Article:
Wednesday, April 1, 2015

Fredericksburg Virginia Editorial: What are all these Alford pleas about?

Every reader here knows what “all the Alford Pleas are about”! (See below editorial)

In Virginia with sexual assault, sexual battery and many other sex crimes…. the accusation IS the EVIDENCE. 

Virginia Code was rewritten years ago (Rape Shield Laws) and the words no corroboration is required was added, to lower the burden of proof that the prosecution must provide. And then years after that Virginia Code has been re-written and re-written again raising the penalty for these crimes to a prison sentence of Life Plus 20 years. LIFE Plus 20 in a State with NO Parole! Mandatory Minimums like these tie the judges/juries hands if the case actually goes to trial and if a finding of guilt is handed down there can be no wiggle-room, it’s “Life Plus 20”. 

More than 94% of criminal charges/convictions NEVER make it to trial in Virginia; they are settled with a plea deal. 

Not because the person charged is guilty but because they are facing charges that do NOT require the Prosecution to prove guilt beyond a reasonable doubt and a mandatory minimum hangs over their head.

Going to trial in America for a sex crime has actually turned into a no-win-situation for the average person.

Unless you can afford a $100,000+ attorney who will actually invest the time and effort to prove your innocence because the Prosecution isn’t required to prove your guilt you are forced to take any offer that is given no matter how unjust it is. 

And if you don’t take “the deal” offered I know for a fact that some Commonwealth Attorneys threaten to release the mug shot, name, home address and charges of the Virginian facing sex crimes to the local evening news broadcast……What else does an innocent person who doesn’t have $100,000+ for a competent defense do?

They take the Alford plea!!!!!!!!!! Instead of facing the court-of-public-opinion that will most likely result in the loss of their job and possibly their home all while they attempt to defend themselves (and their family) against a crime that “requires no corroboration” you can’t do that without income and a home. 

94% of criminal convictions in the Commonwealth end with a plea deal; it’s a win-win for the State and the Prosecutors resume, but not for our citizens or for justice!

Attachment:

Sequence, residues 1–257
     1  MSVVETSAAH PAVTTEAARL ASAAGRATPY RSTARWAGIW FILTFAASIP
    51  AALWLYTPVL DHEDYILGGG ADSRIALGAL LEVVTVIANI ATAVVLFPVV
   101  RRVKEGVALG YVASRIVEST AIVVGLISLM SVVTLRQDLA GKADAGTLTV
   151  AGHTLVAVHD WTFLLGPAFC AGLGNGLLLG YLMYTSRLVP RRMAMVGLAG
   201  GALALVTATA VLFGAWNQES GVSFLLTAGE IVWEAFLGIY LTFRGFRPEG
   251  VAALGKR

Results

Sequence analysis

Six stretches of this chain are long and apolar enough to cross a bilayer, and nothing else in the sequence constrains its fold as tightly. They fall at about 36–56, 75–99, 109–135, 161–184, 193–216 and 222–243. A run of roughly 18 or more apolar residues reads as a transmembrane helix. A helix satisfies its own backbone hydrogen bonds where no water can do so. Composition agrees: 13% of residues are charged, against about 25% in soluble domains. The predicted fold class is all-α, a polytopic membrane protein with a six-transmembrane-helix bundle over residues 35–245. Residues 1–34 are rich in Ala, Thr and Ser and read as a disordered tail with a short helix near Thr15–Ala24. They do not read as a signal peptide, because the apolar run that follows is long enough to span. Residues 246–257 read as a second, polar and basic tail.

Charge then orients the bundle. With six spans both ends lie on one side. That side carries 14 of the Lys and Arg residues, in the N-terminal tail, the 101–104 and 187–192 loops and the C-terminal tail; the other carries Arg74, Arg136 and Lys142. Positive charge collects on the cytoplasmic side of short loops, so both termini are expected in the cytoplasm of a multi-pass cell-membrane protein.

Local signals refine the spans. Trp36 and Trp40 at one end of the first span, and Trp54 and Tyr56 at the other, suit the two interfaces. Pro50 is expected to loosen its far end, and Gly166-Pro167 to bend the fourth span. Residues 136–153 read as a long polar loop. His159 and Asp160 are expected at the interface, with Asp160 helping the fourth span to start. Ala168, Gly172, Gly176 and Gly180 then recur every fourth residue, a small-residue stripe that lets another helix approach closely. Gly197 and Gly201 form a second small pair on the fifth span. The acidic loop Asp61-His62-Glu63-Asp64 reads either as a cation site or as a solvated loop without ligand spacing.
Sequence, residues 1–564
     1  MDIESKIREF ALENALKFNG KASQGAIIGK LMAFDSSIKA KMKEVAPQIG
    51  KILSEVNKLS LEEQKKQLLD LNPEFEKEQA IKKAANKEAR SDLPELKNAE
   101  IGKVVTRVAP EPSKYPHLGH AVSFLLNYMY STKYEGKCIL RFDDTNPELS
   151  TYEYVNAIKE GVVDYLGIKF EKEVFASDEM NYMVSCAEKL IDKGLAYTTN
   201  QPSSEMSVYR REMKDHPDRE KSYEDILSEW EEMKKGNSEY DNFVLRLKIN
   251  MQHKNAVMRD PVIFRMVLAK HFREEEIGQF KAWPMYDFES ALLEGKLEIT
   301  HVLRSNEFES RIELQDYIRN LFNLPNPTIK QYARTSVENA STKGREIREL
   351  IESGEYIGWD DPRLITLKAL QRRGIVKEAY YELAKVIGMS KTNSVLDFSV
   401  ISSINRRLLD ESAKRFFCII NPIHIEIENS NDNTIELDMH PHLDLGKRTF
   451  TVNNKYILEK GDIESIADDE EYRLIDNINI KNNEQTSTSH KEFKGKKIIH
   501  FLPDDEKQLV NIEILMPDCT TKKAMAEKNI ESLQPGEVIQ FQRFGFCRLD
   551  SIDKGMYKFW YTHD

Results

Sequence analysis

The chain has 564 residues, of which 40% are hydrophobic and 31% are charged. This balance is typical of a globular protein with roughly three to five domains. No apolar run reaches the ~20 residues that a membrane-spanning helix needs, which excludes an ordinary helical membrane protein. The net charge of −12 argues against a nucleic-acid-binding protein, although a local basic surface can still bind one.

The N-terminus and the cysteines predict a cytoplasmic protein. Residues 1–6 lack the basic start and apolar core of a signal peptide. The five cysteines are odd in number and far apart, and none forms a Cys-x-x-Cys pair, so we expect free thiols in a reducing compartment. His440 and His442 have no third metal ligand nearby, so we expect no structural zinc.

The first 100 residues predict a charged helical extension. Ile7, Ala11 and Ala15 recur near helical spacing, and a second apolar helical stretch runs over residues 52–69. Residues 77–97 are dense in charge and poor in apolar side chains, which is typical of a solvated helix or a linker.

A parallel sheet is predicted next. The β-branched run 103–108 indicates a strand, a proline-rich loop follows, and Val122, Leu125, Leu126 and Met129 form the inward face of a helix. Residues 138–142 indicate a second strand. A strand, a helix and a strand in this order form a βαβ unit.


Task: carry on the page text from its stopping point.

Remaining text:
Mary Devoy

Editorial: What are all these Alford pleas about? April 1, 2015

Every week somewhere in the Fredericksburg area, a defendant pleads guilty in a criminal court while at the same time claiming to be innocent.

It’s called an Alford plea, and it’s become routine in the courts of Virginia. News reports about such pleas are usually accompanied by an almost boilerplate explanation that the accused does not admit guilt, but acknowledges there is sufficient evidence to be convicted.

How did this seemingly contradictory legal procedure come to be and is it beneficial for our criminal justice system?

Henry Alford was charged in 1963 in Forsyth County, N.C., with first-degree murder in a fatal shooting. 

His attorney felt the evidence against him was strong, but Alford didn’t want to plead guilty to first-degree because that carried a possible death penalty. 

The defendant agreed to plead to second-degree. But in court he proclaimed that he actually was innocent and pleaded to the lesser charge to avoid the death penalty. 

Alford was sentenced to 30 years in prison. But he then appealed and a federal appeals court determined the plea was involuntary because it was motivated by fear of the death sentence. 

The appeals court then vacated the trial court verdict. 

It was next appealed to the U.S. Supreme Court, which in 1970, on a 6–3 vote, reversed the appeals court ruling and said there is no constitutional prohibition to pleading guilty while claiming innocence. 

Justice Byron White wrote the majority opinion and said that as long as the defendant is of sound mind, has a competent lawyer and the judge determines that there is sufficient evidence of guilt, then the plea can be accepted. 

In Virginia, such pleas come in myriad cases, from petty larceny to murder. It’s often used successfully in sex offenses and child abuse cases. In those cases, the state gets a conviction and the victim doesn’t have to testify. Sometimes there is an agreement on a sentence as well. 

One prosecutor estimates that about a fourth of all guilty pleas are Alford cases. 

Such a plea was used in the high-profile case involving Del. Joe Morrissey, a Henrico lawyer facing felonies involving allegations of a sexual relationship with a minor. 

Special prosecutor Bill Neely of Spotsylvania County accepted an Alford plea to a misdemeanor charge and Morrissey served a jail sentence. 

The procedure serves a practical legal purpose. 

The state gets the conviction it wants, and the defendant can still maintain his or her innocence.